What is a non-food allergy?
When we talk about health problems like hay fever, we’re really talking about allergic conditions. Specific allergies might be to insects, drugs or latex, while non-food allergic diseases include eczema, asthma and allergic rhinitis (commonly referred to as hay fever).
According to the Australian Institute of Health and Welfare, just over one in 10 Australian children suffer from hay fever, and asthma is also diagnosed in 11% of children.
Many children grow out of these allergies, but it’s hard to predict who will grow out of them and who won’t.
So how can you identify and treat these allergic diseases while children are young?
1. Allergic rhinitis
Allergic rhinitis is commonly known as hay fever. It’s caused by environmental allergens such as pollens, dust mites, moulds and animal hair.
Symptoms include sneezing, red, watery eyes, plus an itchy and runny nose. Often parents think these symptoms are a recurring cold in their child, making it difficult to identify. It’s easier to recognise an animal allergy since symptoms occur with a visible cause, but allergen triggers like dust mites or pollen aren’t so obvious when around.
At the severe end of the spectrum, worsening symptoms for children can include a blocked nose, breathing through the mouth, a dry throat and poor sleep with snoring. Often this means poor concentration and performance at school in children.
If you think your child might have hay fever, here’s what to do:
- Take your child to a doctor or pharmacist so the severity of their condition and symptoms can be assessed.
- Your GP will look in your child’s nose for inflammation of the nasal lining and assess if the lining is paler, thicker or more inflamed than it should be.
- Antihistamines are an effective over-the-counter treatment for these initial symptoms. Newer generation antihistamines are very safe and less sedating than older generation histamines. These can be given to a child on a regular basis without any significant side effects.
- For severe symptoms, the safest and best treatment is a topical nasal spray with corticosteroid in it. When sprayed directly on the inflamed area, it works well with few related side effects (which are usually related to incorrect spraying).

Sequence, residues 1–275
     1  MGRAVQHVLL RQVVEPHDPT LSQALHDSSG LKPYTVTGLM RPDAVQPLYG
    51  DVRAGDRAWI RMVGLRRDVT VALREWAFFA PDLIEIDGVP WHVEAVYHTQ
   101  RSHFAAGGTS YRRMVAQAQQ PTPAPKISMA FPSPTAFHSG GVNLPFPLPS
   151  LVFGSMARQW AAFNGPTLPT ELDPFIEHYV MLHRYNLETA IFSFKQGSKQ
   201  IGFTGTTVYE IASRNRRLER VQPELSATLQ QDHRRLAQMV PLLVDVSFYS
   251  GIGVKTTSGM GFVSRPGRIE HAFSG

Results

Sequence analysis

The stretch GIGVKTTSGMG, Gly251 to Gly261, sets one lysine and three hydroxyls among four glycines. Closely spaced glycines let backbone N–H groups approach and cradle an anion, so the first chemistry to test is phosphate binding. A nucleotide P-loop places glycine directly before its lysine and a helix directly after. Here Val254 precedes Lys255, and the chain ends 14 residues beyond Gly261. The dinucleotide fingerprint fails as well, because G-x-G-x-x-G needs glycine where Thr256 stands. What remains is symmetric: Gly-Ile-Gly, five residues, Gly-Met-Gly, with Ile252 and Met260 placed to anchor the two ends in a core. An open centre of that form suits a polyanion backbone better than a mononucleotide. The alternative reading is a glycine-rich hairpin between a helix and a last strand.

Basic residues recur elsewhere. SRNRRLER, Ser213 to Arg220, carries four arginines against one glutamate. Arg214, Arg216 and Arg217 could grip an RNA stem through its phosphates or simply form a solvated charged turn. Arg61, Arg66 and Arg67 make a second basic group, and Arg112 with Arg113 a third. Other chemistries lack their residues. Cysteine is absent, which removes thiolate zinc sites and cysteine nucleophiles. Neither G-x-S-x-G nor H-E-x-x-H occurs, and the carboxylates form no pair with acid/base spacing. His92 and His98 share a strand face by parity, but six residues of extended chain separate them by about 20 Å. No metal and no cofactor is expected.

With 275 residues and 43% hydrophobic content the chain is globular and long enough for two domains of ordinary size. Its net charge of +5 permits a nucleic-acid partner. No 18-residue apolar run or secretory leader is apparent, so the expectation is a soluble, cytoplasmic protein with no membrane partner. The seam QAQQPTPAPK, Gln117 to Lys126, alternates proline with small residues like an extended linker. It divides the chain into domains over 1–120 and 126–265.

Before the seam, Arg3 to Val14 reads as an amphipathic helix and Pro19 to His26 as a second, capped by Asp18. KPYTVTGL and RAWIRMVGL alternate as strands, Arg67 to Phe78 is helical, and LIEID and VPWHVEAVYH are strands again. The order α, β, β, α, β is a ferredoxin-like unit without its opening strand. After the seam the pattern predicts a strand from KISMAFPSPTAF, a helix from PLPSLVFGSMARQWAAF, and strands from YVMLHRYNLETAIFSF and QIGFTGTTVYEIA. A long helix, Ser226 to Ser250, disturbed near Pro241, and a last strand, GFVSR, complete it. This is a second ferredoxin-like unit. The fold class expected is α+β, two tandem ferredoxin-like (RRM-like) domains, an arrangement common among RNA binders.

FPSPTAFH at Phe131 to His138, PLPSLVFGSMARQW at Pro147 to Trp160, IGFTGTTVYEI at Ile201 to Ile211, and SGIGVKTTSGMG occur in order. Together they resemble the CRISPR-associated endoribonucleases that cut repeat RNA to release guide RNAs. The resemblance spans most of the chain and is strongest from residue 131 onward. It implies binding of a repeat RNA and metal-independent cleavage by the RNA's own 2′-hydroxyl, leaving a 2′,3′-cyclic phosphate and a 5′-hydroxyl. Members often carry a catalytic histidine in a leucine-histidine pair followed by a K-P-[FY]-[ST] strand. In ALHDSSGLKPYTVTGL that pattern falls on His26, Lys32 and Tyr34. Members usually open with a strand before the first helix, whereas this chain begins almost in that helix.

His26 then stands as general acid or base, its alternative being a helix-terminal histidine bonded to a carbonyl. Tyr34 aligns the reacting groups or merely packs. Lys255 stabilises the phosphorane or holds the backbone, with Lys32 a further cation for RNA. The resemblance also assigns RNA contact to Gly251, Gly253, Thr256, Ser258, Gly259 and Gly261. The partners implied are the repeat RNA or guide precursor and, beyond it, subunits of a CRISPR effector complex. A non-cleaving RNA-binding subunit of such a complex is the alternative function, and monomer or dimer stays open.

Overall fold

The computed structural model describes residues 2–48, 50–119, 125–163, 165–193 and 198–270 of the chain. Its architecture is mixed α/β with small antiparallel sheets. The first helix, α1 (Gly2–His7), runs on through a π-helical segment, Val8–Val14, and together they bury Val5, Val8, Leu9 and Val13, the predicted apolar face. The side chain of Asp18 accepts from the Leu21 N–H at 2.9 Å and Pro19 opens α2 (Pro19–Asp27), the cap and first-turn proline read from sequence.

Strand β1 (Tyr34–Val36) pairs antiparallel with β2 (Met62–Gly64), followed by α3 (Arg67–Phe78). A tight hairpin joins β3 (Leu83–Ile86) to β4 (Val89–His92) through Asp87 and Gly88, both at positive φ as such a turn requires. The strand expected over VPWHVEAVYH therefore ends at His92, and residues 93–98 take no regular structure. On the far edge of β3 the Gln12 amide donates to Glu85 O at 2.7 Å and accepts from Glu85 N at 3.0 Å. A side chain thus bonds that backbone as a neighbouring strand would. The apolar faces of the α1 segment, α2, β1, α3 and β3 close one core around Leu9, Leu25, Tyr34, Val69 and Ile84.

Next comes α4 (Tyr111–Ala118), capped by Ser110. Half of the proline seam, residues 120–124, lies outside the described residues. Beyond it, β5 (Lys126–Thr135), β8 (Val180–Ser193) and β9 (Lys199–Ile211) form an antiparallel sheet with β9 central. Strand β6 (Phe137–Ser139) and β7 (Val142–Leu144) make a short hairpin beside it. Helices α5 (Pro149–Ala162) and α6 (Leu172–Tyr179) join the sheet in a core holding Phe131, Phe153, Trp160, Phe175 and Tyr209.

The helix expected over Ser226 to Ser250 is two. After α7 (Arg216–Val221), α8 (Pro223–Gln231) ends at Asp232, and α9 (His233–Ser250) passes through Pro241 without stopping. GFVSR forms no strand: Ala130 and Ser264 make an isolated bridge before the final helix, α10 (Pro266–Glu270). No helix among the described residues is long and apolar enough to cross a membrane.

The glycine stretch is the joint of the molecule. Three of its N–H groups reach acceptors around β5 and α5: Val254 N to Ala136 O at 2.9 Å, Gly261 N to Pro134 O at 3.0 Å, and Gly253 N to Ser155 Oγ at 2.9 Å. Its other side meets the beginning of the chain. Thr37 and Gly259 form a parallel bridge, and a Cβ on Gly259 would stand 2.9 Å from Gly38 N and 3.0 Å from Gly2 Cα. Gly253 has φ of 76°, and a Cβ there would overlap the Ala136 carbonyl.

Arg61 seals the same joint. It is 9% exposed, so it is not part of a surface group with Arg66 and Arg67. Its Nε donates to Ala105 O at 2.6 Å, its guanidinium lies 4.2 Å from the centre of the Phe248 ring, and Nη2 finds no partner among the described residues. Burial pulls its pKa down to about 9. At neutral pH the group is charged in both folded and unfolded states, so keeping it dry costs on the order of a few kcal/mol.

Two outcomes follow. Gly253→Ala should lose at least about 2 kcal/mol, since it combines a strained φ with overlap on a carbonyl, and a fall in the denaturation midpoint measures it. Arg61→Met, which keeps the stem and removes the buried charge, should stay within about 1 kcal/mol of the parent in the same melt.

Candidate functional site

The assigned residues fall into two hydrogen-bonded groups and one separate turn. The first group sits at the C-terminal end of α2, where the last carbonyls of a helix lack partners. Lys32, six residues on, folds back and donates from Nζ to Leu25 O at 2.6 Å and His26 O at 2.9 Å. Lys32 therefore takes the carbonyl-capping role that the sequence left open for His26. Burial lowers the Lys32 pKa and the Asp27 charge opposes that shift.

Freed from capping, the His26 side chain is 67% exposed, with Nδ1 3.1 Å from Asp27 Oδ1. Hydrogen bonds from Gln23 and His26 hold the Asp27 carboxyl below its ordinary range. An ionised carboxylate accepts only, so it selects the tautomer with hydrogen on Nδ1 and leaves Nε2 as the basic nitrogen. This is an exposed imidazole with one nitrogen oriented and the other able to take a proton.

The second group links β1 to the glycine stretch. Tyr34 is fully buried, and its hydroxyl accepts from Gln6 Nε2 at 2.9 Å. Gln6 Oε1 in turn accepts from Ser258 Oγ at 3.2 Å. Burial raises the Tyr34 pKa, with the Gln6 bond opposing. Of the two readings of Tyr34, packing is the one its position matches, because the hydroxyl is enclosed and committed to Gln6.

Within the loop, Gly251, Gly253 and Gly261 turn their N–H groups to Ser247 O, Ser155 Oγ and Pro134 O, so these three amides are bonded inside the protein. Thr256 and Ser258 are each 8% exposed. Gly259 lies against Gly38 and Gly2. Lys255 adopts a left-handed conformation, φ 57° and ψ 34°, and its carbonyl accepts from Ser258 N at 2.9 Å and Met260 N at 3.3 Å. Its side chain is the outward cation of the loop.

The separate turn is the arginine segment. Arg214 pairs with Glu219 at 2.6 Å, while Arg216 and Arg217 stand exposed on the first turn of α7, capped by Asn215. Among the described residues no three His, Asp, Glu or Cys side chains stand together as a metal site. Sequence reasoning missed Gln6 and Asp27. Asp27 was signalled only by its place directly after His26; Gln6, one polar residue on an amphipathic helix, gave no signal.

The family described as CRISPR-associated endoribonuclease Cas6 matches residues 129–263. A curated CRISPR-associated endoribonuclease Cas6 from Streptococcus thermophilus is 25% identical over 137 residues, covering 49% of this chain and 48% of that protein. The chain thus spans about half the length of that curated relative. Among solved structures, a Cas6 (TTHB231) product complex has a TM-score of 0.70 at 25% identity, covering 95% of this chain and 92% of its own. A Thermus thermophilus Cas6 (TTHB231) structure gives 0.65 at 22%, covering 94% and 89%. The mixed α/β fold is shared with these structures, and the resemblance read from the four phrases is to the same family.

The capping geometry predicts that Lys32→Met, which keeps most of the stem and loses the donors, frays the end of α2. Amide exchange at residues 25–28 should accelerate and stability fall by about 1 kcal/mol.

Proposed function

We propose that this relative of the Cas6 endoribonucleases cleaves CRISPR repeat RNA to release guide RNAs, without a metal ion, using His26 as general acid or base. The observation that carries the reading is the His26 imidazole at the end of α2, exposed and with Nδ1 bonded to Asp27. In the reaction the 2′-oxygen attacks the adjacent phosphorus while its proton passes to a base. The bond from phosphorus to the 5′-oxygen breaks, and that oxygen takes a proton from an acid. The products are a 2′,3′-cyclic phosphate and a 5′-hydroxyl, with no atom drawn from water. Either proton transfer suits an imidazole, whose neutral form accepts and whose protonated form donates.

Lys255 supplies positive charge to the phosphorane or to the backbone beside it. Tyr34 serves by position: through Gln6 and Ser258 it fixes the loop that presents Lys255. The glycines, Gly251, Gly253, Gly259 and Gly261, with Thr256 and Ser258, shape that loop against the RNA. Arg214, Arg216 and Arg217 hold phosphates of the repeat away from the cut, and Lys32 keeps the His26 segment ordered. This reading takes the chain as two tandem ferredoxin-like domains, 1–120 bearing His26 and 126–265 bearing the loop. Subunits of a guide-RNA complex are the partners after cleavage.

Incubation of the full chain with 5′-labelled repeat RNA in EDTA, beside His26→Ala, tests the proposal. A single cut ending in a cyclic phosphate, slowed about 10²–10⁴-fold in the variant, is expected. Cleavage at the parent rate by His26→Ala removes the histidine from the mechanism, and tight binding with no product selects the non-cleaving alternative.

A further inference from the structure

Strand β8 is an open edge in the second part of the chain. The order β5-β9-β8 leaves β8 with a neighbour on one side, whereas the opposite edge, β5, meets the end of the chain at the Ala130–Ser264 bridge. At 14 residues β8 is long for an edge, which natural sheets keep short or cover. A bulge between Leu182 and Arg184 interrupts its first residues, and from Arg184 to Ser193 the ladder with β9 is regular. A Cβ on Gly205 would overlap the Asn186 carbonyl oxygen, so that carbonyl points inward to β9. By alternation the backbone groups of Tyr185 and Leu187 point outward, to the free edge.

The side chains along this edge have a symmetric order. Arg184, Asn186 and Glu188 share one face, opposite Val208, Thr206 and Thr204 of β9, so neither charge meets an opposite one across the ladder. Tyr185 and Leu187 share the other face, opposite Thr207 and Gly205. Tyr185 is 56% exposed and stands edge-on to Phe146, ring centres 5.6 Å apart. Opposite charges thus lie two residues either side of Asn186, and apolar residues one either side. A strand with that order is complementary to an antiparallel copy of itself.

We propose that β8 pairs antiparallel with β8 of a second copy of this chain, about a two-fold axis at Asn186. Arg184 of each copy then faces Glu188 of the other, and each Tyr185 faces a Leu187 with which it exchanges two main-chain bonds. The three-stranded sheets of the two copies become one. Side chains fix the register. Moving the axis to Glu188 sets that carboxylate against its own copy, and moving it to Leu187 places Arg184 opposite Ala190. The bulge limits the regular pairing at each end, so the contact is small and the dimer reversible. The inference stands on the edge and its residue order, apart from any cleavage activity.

Eczema is an inflammatory condition in the skin, which can cause symptoms like itching, redness and the rash normally associated with eczema.
Many things can contribute to a child experiencing an eczema inflammation. They could have dry skin that leaks water, causing itchiness, scratching and a rash. Children with eczema can also have increased loads of bacteria on their skin, which activates the immune system and causes the rash.
There is no known cure for eczema so prevention and fast treatment is key. The best way to help treat your child’s eczema is to treat and relieve the inflammation, resolving it and trying to keep it away if you can. A combination of prevention techniques and aggressive treatment means eczema can be rapidly targeted.
Here are a few things that may help:
- Skin health must be maintained to prevent an outbreak. Bathe your child daily in non-soaps (as soap will further dry out the skin). Often this means children taking bleach baths, bringing the water to the concentration of a swimming pool.
- Use lots of moisturiser daily to hydrate the skin.
- Once inflammation hits, act quickly and aggressively to treat the rash. Use a topical corticosteroid cream so the skin inflammation is targeted.
Asthma is very similar to eczema, in that the immune system is out of balance. With asthma though, this inflammation is now sitting in the airway lining and causes variable respiratory symptoms.
Children who have asthma can have it seasonally, made worse by specific allergies to dust mites and pollen. Asthma symptoms can increase as your child is exposed to these allergens.
Asthma can affect children differently so it requires a tailored Asthma Action Plan and a trip to your GP.